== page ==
Sunday, November 30, 2014
Friday, November 28, 2014
Understand that this is just my opinion and that these guys are still better than I will ever be. But my top, er bottom eleven:
#11 - Ron Wood - Thin tone, uninteresting playing. Decent with Faces, if unspectacular.
Ry Cooder - bit of a bore. Occasionally brilliant but rarely so.
David Lindley - tough to sound good when you are playing with a whiner like Jackson Browne. Great on bazouki and zither I am sure but pretty somnambulant overall.
Eric Clapton - Great in Cream, mostly sucked when he got straight. Great singer, now he sounds like a guy playing like Eric Clapton.
Robbie Robertson - can find every sour note on the fretboard.
Bob Weir - used to think he was great, and he was on the cowboy songs, doesn't sound near as good once you've come down. Skills have diminished greatly with age and ...
Buddy Guy - godlike with Junior, lost it somewhere along the way.
David Gilmour - playing the same riff for 40 years.
Warren Haynes - snore.
Jeff Beck - couldn't hold Roy Buchanan's pick. Fusion period was great but music mostly lacks heart and feeling.
Jimmy Page - don't get me started...
Thursday, November 27, 2014
Wednesday, November 26, 2014
Featuring Miss Nelson and Bruce. Interesting.
Tuesday, November 25, 2014
Monday, November 24, 2014
Thursday, November 20, 2014
Many great versions of this classic. Picked the original and a cool rendition by DY.
Wednesday, November 19, 2014
Love Stravinsky...Barenboim and crew really kill "The Rite...." in this performance.
Prog Rock, sort of ELP-y and Yes-y.
The Soulbenders changed their name to Phlegathon. They were very popular and opened for bands like The MC5 and The Byrds. Go here for the story. http://www.60sgaragebands.com/soulbenders.html
60 years ago today Sammy lost his eye in the car accident in San Bernardino. Should have worn his mezuzah.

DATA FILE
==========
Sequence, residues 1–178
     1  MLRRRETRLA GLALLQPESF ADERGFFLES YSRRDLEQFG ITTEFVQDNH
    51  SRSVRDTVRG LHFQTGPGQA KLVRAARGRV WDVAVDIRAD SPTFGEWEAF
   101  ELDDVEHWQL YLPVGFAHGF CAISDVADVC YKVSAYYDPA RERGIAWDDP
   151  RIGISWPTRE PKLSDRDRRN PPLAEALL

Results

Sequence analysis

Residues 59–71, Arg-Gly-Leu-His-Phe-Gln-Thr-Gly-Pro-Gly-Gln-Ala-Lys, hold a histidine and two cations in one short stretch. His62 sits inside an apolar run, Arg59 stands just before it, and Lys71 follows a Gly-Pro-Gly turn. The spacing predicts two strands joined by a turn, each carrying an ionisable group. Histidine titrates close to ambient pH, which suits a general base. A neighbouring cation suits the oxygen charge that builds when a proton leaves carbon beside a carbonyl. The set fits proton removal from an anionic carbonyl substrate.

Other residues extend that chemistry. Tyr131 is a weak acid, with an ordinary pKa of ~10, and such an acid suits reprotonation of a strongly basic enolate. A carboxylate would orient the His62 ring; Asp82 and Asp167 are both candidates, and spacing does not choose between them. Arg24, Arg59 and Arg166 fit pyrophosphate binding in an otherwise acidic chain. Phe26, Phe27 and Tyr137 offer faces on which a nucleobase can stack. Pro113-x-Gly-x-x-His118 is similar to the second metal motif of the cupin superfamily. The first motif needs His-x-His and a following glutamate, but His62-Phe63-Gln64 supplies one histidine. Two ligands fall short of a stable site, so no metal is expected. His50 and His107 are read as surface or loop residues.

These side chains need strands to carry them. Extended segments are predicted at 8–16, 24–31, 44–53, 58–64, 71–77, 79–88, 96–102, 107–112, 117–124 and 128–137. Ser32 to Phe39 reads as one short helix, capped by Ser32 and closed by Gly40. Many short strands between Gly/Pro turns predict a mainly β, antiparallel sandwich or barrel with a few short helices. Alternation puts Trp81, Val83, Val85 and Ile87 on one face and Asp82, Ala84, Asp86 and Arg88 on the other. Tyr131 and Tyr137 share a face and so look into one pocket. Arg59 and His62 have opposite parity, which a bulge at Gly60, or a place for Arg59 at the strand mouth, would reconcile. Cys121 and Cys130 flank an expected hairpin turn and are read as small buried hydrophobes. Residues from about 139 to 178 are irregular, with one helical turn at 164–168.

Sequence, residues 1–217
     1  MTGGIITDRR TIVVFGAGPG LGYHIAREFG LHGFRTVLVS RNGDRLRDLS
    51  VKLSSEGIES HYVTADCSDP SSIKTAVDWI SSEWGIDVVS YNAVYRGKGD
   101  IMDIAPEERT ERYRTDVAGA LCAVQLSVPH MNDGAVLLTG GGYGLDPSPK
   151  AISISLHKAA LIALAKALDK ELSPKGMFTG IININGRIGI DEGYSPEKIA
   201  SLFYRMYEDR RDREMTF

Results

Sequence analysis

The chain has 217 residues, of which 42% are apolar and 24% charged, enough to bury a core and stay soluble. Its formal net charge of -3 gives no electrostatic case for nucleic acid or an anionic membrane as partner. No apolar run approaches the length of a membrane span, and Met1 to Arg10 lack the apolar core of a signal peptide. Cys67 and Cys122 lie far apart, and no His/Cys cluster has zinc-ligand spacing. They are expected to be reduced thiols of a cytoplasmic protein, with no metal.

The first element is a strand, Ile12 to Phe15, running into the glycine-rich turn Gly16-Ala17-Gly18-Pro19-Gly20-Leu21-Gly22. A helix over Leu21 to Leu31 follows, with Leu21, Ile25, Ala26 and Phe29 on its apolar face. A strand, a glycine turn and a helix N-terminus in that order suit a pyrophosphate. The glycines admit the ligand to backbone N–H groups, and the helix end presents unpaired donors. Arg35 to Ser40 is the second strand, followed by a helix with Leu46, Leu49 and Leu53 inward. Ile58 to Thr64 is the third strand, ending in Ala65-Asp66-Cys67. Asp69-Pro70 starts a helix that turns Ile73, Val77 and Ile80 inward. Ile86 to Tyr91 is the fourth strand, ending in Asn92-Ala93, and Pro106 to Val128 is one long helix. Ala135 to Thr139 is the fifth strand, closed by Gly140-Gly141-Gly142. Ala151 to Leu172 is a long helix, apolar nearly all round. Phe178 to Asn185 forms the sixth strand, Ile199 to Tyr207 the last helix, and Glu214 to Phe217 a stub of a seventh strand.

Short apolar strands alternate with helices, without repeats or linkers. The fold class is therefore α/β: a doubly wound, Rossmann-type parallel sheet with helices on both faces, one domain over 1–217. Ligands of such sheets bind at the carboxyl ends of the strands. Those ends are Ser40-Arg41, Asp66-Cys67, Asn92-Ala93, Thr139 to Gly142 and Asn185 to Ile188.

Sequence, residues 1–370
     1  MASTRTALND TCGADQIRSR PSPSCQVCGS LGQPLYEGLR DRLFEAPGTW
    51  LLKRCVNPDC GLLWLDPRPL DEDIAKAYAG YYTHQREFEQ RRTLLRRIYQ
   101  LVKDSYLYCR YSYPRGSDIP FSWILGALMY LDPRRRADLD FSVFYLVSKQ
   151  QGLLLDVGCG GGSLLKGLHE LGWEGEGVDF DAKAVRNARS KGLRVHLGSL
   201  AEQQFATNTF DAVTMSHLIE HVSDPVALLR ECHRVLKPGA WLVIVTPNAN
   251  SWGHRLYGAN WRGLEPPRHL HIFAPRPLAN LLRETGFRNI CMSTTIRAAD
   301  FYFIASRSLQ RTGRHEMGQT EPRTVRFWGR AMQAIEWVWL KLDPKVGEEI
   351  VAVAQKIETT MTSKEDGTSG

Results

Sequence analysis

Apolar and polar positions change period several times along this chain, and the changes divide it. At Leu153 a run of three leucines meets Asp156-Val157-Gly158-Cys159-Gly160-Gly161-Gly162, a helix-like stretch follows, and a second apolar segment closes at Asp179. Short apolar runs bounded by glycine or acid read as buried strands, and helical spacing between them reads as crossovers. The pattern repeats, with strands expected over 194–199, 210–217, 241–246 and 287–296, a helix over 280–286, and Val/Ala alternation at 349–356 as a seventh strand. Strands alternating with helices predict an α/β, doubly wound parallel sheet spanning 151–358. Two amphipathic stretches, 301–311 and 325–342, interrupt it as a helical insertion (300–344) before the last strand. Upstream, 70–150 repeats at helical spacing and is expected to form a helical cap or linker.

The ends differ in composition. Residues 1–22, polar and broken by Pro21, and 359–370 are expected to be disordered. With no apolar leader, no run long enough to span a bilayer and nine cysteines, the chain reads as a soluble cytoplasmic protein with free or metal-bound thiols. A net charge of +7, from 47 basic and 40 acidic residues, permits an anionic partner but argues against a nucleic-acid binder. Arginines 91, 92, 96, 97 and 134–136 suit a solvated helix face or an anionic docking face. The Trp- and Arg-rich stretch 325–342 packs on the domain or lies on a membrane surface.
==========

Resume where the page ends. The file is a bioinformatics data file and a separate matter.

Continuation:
From Wiki: ...Davis nearly died in an automobile accident on November 19, 1954, in San Bernardino, California, as he was making a return trip from Las Vegas to Los Angeles. In 1953, he had struck up a friendship with comedian and host Eddie Cantor, who gave him a mezuzah. Instead of putting it by his door, as a traditional blessing, Davis would wear it around his neck as a good luck charm. The only time he forgot it, one night in 1954, he crashed his car on the way to a gig in California. The accident occurred at a fork in U.S. Highway 66 at Cajon Boulevard and Kendall Drive (34.2072°N 117.3855°W). Davis lost his left eye to the bullet-shaped horn button (a standard 1954-55 Cadillac feature) as a result. His friend, actor Jeff Chandler, offered one of his own eyes if it would keep Davis from total blindness. The offer was not needed.Davis wore an eye patch for at least six months following the accident. He appeared on What's My Line? wearing the patch. Later, he was fitted for a glass eye, which he wore for the rest of his life.
Tuesday, November 18, 2014
Jimi Hendrix Experience lip-syncing on the Belguim TV ( BRT ) show Tienerklanken ( Dutch = Teen Sounds ). Stone Free is a great alternate version recorded at Pye Studios London, October 1966. Hey Joe was released in England December 1966 and was evidently recorded at the same session, with backing vocals by English girl group The Breakaways - it sounds to me like the version on Are You Experienced. It was released in the US May 1st 1967 as a single b/w '51st Anniversary.
Vocals by the great Tracy Nelson, featuring Michael Bloomfield on guitar.
Poster by the late, great
I remember seeing L.A. band Smokestack Lightning on the same bill with Flamin' Groovies and Jefferson Airplane - at Fillmore West ? - they put on a good show.
Go here for the Mad River Story http://www.harbydarmusic.com/mad-river/